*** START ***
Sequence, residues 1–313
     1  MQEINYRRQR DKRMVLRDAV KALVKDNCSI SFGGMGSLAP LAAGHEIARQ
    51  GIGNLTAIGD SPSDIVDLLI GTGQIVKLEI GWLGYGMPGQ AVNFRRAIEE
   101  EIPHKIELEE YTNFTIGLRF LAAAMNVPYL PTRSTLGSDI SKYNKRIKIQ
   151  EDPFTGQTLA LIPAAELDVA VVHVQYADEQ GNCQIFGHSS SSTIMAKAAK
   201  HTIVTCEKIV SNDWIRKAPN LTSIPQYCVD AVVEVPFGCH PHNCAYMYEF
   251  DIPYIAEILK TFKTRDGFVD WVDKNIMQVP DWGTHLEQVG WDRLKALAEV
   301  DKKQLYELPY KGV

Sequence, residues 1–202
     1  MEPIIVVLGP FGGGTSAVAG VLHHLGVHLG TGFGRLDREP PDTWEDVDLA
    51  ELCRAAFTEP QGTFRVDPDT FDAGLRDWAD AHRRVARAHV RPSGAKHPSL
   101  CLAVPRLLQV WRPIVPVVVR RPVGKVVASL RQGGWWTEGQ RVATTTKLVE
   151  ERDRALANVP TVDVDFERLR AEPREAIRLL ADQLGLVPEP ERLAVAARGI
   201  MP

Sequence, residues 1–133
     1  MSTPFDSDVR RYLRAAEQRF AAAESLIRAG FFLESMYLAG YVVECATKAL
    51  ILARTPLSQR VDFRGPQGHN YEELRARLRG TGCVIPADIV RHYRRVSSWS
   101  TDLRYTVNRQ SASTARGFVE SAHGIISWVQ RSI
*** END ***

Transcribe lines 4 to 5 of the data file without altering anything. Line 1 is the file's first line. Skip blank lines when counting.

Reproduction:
   101  EIPHKIELEE YTNFTIGLRF LAAAMNVPYL PTRSTLGSDI SKYNKRIKIQ
   151  EDPFTGQTLA LIPAAELDVA VVHVQYADEQ GNCQIFGHSS SSTIMAKAAK